The Steel Curtain was the nickname given to the front four of the famous defensive line of the American football team Pittsburgh Steelers during their 1970s dynasty years. This defense was the backbone of the Steelers dynasty, which won 4 Super Bowls (IX, X, XIII, and XIV). Over the years, the nickname evolved into a reference to the entire defensive squad.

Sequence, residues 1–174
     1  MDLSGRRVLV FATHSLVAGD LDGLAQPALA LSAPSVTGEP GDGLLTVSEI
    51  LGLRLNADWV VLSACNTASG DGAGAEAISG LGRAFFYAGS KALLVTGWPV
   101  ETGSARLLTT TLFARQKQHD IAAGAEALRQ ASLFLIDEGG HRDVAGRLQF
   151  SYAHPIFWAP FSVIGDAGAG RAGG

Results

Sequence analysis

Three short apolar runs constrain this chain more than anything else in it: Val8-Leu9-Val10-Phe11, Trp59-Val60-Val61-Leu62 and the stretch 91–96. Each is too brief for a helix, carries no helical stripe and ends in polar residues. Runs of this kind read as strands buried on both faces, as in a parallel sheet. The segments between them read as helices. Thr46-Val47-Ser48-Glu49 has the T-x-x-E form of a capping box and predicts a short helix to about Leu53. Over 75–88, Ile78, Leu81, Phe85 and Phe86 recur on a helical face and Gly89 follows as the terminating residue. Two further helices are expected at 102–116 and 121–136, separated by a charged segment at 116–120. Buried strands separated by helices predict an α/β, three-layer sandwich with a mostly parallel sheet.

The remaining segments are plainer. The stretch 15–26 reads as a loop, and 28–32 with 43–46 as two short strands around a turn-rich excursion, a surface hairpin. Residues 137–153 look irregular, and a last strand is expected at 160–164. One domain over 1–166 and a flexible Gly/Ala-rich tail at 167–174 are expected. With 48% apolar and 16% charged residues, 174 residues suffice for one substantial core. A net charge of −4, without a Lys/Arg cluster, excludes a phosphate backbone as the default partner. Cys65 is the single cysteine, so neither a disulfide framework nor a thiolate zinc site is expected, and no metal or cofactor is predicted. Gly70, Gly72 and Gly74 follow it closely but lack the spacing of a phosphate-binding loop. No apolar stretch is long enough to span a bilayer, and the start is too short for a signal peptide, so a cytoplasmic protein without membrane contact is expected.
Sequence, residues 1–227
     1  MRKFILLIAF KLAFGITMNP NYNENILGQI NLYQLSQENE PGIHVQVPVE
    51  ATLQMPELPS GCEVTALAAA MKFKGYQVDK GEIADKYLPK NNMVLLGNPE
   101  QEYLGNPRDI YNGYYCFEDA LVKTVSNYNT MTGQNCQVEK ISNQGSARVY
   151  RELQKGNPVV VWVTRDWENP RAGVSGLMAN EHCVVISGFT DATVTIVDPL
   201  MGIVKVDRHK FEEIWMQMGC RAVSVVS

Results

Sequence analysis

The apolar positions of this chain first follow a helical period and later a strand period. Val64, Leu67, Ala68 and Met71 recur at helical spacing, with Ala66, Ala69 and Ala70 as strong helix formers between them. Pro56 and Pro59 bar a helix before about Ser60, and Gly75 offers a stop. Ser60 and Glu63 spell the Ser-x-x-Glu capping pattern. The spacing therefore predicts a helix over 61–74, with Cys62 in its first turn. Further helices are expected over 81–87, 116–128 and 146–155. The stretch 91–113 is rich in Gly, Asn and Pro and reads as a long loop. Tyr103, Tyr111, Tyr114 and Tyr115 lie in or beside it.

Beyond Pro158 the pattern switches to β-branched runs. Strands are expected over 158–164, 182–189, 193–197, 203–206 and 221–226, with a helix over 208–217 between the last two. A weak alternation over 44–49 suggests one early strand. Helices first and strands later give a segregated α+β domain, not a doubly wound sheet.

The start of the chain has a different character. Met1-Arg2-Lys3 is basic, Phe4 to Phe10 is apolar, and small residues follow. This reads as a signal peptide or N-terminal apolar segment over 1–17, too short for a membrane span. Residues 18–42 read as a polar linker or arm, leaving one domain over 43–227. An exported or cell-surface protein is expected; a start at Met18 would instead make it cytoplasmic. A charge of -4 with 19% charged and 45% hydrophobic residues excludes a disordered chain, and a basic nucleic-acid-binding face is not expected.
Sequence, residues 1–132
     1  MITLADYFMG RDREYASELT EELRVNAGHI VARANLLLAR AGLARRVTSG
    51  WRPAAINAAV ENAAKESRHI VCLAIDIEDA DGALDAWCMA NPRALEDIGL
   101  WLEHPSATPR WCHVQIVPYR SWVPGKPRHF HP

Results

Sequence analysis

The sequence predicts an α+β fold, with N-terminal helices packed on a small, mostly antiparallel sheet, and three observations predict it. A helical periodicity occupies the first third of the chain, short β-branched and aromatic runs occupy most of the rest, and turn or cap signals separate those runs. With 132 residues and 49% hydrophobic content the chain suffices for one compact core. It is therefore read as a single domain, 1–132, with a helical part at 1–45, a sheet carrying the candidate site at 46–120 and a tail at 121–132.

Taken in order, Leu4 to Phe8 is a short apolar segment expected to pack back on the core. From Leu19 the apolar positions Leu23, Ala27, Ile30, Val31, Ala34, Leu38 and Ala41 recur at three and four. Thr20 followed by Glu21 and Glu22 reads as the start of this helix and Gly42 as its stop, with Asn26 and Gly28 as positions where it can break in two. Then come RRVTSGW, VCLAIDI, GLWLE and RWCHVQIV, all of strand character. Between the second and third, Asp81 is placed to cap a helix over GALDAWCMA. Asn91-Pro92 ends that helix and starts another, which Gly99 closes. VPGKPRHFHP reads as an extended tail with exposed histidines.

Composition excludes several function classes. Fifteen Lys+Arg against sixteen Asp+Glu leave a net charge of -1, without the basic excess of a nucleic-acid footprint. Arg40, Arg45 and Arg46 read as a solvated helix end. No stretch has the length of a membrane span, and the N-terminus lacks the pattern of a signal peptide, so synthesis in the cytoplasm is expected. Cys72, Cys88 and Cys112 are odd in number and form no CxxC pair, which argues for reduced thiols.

In the 1976 season alone, the Steelers' defense was dominant, perhaps the best defense of all time. After the Steelers started 1-4 and lost their quarterback, Terry Bradshaw, the Steelers defense took over. In eight of the next nine games, the defense didn't allow a single touchdown, shutting out opponents five times including three consecutive. During this nine game stretch the Steelers allowed a total of two touchdowns and five field goals. The defense also allowed an average 3.1 points per game and the team had an average margin of victory of 22 points. Eight of the Steelers starting eleven defensive players were selected for the Pro Bowl, and four were eventually selected to the Hall of Fame.

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